Building a machine, even a Junk Yard Hammer
requires some machinery.
At a minimum a cutting torch and an arc welder.
But hole drilling is a big part of building maintainable machinery so a good metal working drill press is highly recommended.
You don't need all the machines below but you need access to them OR pay someone to do the work.
We paid for all the large stock to be cut to size.
This included sawing the structurals and the anvil material.
We also paid a machine shop $30 to broach several keyways.
We had access to a milling machine
to machine the guide inserts but could have paid someone else.
One option to paying for the machine work is to take a machine shop course.
There is often time OR a need for personal projects.
If you have detailed drawings such as from purchased plans you may be able to get classmates to help.
Be up front with your instructor, they are usually glad to be of help.
The following is a list of tools and machines used to build the X1 hammers.
- 4 x 6" Cutoff Saw A good one that cuts square (Ridgid)
- 20 to 25" Back Geared HD Drill Press (Champion 25")
- 6" Engine Lathe Craftsman 1950
- 16" Engine Lathe Southbend 1930
- Milling Machine SEIKI XL (Bridgport Clone)
- Oxy-Acetylene Cutting Torch
- Arc Welder Miller Thunderbolt 225 AC
- Arbor Press (for broaching keyways)
- Bench Grinder
- Magnetic Based Drill Press (Optional)
- Air Compressor To power die grinder, blow out holes.
- Lifting Means Hoist, Crane or Forklift
Machine tools require a minimum of standard attachements, chucks, centers, vices. . .
Hand Tools & Accessories
- 6" Dial Caliper
- 8" Dividers
- 12" Machinest's Square
- Drill Bits from number sizes to 1.5"
- Taps for holes 10-32, 1/4-28, 7/16-20, 1/2-13, 1/2-20, 9/16-18, 3/4-16
- Angle Grinder(s)
- Die Grinder air or electric
- 1.375 or 1.500 Adjustable Reamer For pitman
- .875 and .501 Reamer For motor pulley and toggles
- C-Clamps, pipe clamps, bar clamps Never enough. . .
- Tapping Head Tapmatic - Used with drill press to speed up tapping.
The lists above do not include standard hand and mechanics tools neccessary to run or maintain the machines, or assemble the power hammer.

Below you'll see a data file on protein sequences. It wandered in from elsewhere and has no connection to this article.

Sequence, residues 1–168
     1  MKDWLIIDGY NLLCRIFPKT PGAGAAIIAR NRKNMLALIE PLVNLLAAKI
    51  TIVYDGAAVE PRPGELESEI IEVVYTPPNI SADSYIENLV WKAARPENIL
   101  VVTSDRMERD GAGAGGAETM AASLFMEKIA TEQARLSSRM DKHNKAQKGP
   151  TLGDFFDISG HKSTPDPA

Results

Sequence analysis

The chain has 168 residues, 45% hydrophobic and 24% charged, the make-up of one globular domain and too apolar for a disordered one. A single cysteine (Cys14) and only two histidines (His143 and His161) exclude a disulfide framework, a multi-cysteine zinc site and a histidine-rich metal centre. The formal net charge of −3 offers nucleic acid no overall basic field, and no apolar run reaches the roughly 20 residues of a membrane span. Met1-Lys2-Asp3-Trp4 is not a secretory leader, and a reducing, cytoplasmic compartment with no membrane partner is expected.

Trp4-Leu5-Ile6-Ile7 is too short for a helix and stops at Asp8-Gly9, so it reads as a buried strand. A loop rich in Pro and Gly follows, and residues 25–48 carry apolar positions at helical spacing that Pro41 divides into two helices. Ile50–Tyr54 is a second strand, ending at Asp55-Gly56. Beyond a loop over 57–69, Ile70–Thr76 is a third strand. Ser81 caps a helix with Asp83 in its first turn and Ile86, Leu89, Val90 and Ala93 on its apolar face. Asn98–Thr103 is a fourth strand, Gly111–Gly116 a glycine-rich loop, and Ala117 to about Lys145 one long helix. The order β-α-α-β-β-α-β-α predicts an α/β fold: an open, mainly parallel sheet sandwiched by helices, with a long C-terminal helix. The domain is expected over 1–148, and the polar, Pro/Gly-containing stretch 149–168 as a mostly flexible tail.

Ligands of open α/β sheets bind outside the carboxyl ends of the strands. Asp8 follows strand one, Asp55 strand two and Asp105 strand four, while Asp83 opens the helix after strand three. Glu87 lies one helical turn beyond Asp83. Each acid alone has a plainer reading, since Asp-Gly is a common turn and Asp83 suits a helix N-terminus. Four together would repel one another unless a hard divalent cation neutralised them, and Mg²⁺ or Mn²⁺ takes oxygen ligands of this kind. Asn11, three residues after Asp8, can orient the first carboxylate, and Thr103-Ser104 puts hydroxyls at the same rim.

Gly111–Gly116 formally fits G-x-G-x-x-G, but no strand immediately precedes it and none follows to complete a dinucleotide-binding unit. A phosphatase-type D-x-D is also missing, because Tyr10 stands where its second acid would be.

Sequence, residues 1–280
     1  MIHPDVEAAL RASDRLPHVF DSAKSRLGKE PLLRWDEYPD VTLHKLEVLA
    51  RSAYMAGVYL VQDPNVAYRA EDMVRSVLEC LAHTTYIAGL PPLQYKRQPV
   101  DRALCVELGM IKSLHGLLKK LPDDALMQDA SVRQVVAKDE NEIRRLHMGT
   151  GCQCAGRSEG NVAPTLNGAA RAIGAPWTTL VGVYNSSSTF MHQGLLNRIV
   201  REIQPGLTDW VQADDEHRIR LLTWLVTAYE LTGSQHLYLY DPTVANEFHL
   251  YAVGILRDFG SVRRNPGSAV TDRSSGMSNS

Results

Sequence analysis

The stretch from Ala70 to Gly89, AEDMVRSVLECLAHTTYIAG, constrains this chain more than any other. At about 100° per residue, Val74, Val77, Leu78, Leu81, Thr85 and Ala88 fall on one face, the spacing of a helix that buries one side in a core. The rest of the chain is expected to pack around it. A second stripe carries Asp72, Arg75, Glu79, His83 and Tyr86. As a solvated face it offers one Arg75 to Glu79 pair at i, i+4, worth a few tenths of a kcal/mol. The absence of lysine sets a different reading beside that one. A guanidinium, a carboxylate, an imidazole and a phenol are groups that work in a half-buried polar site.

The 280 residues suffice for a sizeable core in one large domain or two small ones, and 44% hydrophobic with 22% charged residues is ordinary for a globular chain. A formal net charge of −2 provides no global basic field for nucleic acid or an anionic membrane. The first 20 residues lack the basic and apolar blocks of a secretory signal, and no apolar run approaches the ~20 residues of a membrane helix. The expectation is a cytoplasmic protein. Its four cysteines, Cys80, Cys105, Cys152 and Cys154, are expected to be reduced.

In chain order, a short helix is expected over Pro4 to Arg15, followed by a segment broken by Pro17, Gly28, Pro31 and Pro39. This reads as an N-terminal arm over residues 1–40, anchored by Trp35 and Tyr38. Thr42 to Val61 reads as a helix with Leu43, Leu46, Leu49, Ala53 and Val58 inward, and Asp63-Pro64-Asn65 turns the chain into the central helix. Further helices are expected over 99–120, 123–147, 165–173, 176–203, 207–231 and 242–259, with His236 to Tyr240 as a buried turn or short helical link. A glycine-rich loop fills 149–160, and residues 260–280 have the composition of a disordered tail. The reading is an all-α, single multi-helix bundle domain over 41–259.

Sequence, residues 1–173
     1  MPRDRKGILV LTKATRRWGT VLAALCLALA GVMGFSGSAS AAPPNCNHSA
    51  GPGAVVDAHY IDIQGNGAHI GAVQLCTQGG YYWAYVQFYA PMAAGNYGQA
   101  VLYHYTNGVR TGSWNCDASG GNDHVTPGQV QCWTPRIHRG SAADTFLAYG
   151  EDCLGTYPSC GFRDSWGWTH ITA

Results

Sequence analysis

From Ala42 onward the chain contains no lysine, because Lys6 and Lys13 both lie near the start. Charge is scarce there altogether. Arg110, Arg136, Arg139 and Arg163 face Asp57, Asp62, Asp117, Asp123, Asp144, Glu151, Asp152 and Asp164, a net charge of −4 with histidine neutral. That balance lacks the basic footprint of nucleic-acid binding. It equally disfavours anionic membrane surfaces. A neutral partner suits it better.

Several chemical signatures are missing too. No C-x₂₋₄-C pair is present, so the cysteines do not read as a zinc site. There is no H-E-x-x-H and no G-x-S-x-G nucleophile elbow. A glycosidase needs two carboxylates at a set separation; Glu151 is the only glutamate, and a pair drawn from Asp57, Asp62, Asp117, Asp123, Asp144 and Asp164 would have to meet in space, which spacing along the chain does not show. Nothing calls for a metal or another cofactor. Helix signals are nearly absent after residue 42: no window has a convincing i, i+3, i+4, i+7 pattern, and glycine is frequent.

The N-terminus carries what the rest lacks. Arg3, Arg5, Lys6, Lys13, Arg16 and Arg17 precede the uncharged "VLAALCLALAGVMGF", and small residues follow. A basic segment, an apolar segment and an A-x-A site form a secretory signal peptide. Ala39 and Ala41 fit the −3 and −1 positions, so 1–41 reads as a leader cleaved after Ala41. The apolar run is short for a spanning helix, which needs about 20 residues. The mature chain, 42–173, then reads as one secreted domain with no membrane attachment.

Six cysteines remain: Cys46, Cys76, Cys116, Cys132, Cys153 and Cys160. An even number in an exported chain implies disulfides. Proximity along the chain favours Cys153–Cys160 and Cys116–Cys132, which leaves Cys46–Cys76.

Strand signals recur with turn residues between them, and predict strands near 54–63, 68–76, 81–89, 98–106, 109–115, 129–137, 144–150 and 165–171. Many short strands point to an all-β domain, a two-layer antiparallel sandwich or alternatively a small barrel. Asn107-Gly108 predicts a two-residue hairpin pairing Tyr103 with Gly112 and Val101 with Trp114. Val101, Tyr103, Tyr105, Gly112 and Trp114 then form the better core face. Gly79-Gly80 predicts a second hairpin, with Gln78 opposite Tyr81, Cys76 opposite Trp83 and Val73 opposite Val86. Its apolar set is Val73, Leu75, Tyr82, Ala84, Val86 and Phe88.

A large steel welding bench or weld platten is also highly recommended.
The measuring and layout tools above are the minimum but more than sufficient for this job.
Good accurate 6" (150mm) dial calipers do for most measuring where micrometers are often used and are easier to read.
The calipers have the range needed for all the layout tasks requiring fine measurements.
A square is also needed. Those like the Starrett above with satin chromed scales are the easiest to read thus avoiding errors.
But a carpenter's square is also handy.
Good dividers with hard sharp points are an absolute requirement unless you have a shop full of machinery with digital readouts.
The carbide scriber more than pays for itself on a job like this.
The experianced machinist knows holes can be made with numerous machine tools.
The choice of which to use depends on capacity, availability and efficiency.
In general holes are made the fastest on a good drill press but can also be drilled on milling machines with a quill (such as a Bridgeport).
But holes can also be drilled and bored on a lathe. For some fits this is the best method.
Holes in structurals are best made with a magnetic based drill press but can also be made on a drill press or mill IF the work can be brought to and supported on those machines.
Even a hand crank blacksmiths drill could be used to make many of the holes on a project like this.
Most of the holes were taped in place by hand on the drill press(s) as they were drilled. The sequence goes like this.
- Install Point in chuck.
- Align drill chuck to center punch mark using point in chuck.
- Install Tap Drill in chuck.
- Tap drill through both parts of assembly.
- Install nominal size drill in chuck.
- Drill on-size hole through un-threaded part.
- Install Point in chuck or center in spindle.
- Tap using center in drill press to align tap.
- Install clearance drill in chuck.
- Clearance drill un-threaded part